The Great Food Revolution of 2012: The Chicken and the Egg

by Melody on June 27, 2012

Welcome to the Great Food Revolution of 2012.  You can read more about where our food journey started and resources we have used along the way to make our decisions.

This journey has been a slow one for us.  We raided our pantry of hydrogenated oils, switched to 100% grass-fed organic milk and tried to go as organic as possible with our produce, but there were (and still are) some things we haven’t changed yet.  I knew for the longest time that we needed to find a different method of buying eggs, but I hadn’t done the research yet.  I believe, in my head, that since I didn’t know the specifics of why we should switch, I didn’t feel super passionate about it yet.  I was convincing myself that we didn’t need to change until I had learned more.


Eggs are CHEAP.  Everywhere.  $.99 for a dozen eggs is really hard to pass up.  We eat eggs every day, so I knew we would take a hit on our budget.

I waited a REALLY long time to do the research on eggs, mainly because I knew once I did, there was no turning back.  I was right.  I took the book Real Food with me on our flight to Vegas a few months ago and when I finally got to the chapter on eggs, threw my hands up in disgust and told my husband we were not allowed to eat regular eggs anymore.  His response?  “Why did you bring that book on a vacation to LAS VEGAS?”.  My poor husband.

While the idea of an industrial poultry farm grosses me out and I knew without doing any research that a pastured-raised egg was going to be better for us, I was shocked at how much better.

What made our decision was not necessarily that conventional eggs are BAD for us, but that pasture-raised eggs are so amazingly GOOD for us.  Eggs from pasture-raised poultry contain more vitamins A and E, folic acid and lutein, among other things, and are richer in omega-3 fats.

Chickens are meant to roam and forage for food and grubs.  I just really like envisioning our chickens rooting around a hen house, fertilizing the environment, rather than a packed, crowded industrial poultry farm.

So what eggs should I be buying?

Here’s where it gets tricky.

From what I understand, there isn’t a lot of regulation around the verbage that can be used on an egg carton.  “Free Range” could just mean that someone left a door open in the containment house.  “Cage Free” does not necessarily mean that the hens were allowed to roam outside, but could just mean they were raised indoors without cages.  For a brief guide to the different terms used regarding eggs, click here.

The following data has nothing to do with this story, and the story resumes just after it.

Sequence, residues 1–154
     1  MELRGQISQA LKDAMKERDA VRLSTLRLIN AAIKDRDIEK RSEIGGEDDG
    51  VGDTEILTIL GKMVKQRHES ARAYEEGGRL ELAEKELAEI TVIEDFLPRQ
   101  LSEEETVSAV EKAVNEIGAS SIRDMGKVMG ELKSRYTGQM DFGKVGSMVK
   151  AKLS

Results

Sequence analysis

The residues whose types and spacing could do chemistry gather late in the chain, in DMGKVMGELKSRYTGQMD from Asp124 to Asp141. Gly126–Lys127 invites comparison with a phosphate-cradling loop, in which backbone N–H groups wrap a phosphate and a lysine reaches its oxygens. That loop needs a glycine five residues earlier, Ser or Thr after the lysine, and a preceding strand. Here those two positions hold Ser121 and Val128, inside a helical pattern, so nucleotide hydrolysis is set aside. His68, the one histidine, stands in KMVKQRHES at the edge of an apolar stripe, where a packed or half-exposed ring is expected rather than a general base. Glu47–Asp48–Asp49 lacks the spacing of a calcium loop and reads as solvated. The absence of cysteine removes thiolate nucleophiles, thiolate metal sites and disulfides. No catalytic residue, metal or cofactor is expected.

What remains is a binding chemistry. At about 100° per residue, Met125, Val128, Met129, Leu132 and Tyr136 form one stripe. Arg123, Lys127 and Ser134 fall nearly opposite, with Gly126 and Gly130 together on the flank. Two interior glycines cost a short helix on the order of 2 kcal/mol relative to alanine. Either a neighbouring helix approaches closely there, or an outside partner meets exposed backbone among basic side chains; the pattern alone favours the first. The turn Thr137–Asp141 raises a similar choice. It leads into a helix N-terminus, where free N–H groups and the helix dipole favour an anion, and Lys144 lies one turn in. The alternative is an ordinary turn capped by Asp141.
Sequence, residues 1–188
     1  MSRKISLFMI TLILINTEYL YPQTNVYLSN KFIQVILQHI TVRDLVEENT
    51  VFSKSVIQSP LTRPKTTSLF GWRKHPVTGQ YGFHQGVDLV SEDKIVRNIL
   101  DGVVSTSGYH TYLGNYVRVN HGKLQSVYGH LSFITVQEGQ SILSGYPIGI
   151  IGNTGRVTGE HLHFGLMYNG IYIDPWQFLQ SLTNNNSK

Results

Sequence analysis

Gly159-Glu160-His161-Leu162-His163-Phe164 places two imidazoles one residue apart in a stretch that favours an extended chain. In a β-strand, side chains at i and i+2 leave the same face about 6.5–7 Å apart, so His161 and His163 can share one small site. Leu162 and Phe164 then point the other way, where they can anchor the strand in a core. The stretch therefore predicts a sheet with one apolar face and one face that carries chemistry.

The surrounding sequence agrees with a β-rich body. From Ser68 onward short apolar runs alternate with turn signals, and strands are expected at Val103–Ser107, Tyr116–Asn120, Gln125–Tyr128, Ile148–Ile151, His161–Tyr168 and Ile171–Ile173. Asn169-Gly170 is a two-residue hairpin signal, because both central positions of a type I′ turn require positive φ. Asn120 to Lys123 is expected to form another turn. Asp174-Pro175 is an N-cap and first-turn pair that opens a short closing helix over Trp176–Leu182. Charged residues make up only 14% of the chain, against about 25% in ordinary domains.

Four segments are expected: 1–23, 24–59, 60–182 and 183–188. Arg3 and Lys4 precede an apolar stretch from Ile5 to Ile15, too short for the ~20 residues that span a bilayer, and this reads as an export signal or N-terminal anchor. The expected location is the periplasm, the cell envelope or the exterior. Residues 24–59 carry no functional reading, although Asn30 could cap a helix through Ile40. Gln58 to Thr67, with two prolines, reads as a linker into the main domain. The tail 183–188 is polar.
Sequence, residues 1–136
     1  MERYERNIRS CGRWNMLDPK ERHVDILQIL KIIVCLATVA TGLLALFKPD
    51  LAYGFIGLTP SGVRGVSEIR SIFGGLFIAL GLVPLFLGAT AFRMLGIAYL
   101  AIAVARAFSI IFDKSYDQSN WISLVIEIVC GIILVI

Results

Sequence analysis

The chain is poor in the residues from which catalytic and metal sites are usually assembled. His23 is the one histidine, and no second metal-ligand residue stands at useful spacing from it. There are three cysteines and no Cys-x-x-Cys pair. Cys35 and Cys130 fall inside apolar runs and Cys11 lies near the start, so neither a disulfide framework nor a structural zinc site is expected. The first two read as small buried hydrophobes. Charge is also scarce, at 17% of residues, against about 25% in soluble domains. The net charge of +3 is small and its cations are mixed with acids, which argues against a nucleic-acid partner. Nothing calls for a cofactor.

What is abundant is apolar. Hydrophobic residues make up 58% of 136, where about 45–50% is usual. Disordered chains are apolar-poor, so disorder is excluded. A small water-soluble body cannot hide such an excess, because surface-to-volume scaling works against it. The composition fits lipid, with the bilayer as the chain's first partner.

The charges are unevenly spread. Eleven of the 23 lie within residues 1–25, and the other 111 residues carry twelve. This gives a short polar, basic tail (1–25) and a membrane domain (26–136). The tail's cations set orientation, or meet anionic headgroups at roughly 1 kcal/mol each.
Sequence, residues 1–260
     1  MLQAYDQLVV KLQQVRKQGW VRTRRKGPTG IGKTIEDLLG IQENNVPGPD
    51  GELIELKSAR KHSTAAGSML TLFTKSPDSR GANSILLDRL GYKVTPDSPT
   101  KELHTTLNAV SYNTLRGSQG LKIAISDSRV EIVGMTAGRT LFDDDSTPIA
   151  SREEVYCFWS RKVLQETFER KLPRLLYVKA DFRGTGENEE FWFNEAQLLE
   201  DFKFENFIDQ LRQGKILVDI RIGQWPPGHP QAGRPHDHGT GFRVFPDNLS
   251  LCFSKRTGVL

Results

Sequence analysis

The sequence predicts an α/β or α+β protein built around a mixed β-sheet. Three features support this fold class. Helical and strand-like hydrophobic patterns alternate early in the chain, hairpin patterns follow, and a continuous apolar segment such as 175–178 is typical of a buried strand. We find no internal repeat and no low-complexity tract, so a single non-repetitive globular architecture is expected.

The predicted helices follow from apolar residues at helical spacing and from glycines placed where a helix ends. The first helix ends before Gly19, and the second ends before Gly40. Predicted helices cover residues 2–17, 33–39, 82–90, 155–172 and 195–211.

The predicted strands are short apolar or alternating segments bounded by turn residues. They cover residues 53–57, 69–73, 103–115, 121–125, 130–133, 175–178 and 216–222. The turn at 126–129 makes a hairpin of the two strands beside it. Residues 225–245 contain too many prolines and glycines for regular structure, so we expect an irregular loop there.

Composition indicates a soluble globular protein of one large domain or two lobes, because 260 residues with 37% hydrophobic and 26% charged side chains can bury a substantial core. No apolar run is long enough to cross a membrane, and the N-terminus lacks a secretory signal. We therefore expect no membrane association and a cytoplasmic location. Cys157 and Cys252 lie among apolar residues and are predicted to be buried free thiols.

I was checking out the eggs at the grocery store the other day and noticed that a lot of them say “Vegetarian Diet”.  While this may sound good, chickens were meant to eat insects, grubs and worms.  If they are fed a strictly vegetarian diet, I’m going to assume they are on a diet of strictly grain.  On the other hand, if it says “Vegetarian Feed”, I’m going to assume this just means they aren’t fed any animal by-products.

We are always in the market for organic eggs from pasture-raised chickens.  What I understand an organic egg to be is that the chicken was raised on organic feed, allowed to roam in a pesticide-free environment and not given antibiotics or hormones.  What is most important to me is that I know where the eggs come from.  Regardless of what the egg carton says, I’d like to know exactly how the hens were raised.  As always, a farm may not be certified organic, but use organic practices.  It’s always best to be an educated consumer, do your own research to find out what works best for your family.

So where do I find these eggs?

Ask your friends and family.  Ask on Facebook.  We are SO lucky to have a friend of a friend who raises chickens in her yard.  She sells us eggs by the truck load for $2/dozen.  As I mentioned, so lucky.  You’ll never know if you know someone who has chickens unless you ask.

Your local farmer’s market.  All three of our local Tri-Cities markets have a few vendors that sell fresh eggs.  Bonus: You can talk directly to the farmer or someone who works for the farm and get to know their farming practices.  Maybe they read bedtime stories to their chickens at night. Who knows?

Craigslist.  I did a quick search for “eggs” in our area and it came up with several listings, anywhere between $3 and $5 per dozen.

Raise your own! Emilie has been telling me for a long time that she wanted to raise chickens and I secretly thought she was nuts.  Now that I have made the choice for our family to switch from conventional eggs, I’m trying to convince my husband to let me raise them.

The Google.  Or just the Internet in general.  I swear, this is one of your absolute best resources to at least kick off your search.  Here are a few sites that let you search by state or zip code to find pasture-raised poultry, beef or pork. – You can easily search by state and then narrow by zip code – Search by zip code for local farms, markets and stores – Search by zip code for everything under the sun to help you in your journey (beef, poultry, milk, you  name it)

Please share your thoughts.  I definitely don’t know everything there is to know about eggs, this is just what I have gathered from research and talking to people.

I’m excited to share our journey with you!  In the next post of this series, I will be talking about our switch to whole grains.

In case you missed it:


Image Credit: Wilcox Farms

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